FIGURE 2. The Fear-Potentiated Startle Experimenta

a CS+=reinforced conditioned stimulus (danger signal); CS–=nonreinforced conditioned stimulus (safety signal).


FIGURE 3. Association of CRP Level With Fear-Potentiated Startlea

a The chart shows mean fear-potentiated startle to the safety signal (CS–) in traumatized individuals with low and high CRP levels (N=135). Error bars indicate standard deviation.


CRP Level and PTSD

CRP level was positively associated with total frequency of current PTSD symptoms as determined by the CAPS (r=0.179, p=0.018); it was not significantly associated with age or body mass index. High CRP levels were associated with greater PTSD symptoms (F=3.71, df=1, 173, p=0.05) and a diagnosis of PTSD as determined by the CAPS in traumatized participants (χ2=4.58, p=0.032, N=187) (Figure 4). In addition, individuals with high CRP levels had higher odds for PTSD compared with individuals with low CRP levels (odds ratio=2.24, 95% CI=1.06, 4.74; p=0.035).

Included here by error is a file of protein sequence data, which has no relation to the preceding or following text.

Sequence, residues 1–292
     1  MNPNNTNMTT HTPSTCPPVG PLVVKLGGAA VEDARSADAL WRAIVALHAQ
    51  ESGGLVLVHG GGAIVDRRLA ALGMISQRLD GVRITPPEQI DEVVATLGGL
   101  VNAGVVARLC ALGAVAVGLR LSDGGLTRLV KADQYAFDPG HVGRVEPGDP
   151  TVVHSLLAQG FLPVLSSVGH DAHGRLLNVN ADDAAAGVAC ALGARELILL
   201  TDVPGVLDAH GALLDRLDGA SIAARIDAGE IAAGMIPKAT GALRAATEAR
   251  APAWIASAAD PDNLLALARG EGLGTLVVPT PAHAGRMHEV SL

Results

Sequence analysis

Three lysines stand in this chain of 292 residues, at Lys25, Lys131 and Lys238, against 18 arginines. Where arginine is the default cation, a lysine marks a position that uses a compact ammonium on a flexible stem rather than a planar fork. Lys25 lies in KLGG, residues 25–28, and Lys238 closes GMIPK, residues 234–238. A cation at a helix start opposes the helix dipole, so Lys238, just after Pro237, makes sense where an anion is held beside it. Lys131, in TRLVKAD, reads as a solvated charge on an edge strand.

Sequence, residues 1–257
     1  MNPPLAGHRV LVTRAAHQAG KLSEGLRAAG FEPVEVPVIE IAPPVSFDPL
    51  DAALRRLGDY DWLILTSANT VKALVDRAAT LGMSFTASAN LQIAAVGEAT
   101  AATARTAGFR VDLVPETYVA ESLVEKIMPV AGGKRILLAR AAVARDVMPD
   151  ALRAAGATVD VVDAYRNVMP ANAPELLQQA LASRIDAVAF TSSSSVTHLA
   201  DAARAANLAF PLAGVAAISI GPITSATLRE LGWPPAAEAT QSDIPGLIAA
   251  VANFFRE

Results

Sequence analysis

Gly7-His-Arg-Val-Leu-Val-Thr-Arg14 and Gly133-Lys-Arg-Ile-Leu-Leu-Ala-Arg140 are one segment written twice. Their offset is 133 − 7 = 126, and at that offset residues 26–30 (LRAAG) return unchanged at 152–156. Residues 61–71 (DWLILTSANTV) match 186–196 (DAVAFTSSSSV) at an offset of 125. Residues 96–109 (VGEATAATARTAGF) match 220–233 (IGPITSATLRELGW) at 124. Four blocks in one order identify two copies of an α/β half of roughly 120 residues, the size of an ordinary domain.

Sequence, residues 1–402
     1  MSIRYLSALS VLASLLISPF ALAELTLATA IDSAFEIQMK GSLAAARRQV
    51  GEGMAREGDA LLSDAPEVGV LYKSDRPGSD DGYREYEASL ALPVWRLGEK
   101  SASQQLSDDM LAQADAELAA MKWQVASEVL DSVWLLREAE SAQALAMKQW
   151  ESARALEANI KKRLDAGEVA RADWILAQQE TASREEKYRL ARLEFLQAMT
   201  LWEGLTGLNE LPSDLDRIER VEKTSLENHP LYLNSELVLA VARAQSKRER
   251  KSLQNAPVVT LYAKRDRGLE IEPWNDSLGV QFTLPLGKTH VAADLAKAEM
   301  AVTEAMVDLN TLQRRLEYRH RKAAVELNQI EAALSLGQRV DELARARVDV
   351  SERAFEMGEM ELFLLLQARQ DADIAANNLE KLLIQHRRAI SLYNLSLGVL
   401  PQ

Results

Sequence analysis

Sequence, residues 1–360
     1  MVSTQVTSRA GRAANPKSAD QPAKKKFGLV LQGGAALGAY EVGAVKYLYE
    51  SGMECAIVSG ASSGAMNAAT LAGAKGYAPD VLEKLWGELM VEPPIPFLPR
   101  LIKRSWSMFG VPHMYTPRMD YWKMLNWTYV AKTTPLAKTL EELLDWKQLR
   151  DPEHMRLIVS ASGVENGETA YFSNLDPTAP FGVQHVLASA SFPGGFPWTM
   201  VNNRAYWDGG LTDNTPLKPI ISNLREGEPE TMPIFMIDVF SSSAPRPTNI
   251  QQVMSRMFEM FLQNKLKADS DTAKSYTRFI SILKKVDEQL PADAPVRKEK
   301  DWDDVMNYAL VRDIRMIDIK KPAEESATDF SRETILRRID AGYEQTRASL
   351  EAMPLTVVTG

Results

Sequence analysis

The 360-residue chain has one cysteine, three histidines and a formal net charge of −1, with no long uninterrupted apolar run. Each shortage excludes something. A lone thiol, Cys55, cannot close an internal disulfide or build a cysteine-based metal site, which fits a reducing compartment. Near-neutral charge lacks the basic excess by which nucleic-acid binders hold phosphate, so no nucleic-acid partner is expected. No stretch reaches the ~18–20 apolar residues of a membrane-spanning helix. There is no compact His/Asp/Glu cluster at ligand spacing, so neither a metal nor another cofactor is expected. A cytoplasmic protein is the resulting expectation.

FIGURE 4. Association of CRP Level With Symptoms of Posttraumatic Stress Disorder (PTSD) and Proportion of Participants With a PTSD Diagnosisa

a In panel A, which shows mean PTSD symptom score in traumatized individuals with low (<3 mg/L) and high (>3 mg/L) CRP levels, individuals with high CRP levels had greater PTSD symptom severity (p=0.05; N=174). Error bars indicate standard deviation. Panel B shows the number of individuals with and without a PTSD diagnosis among traumatized subjects with low and high CRP levels (χ2=4.578, p=0.032; N=187).

* p=0.05.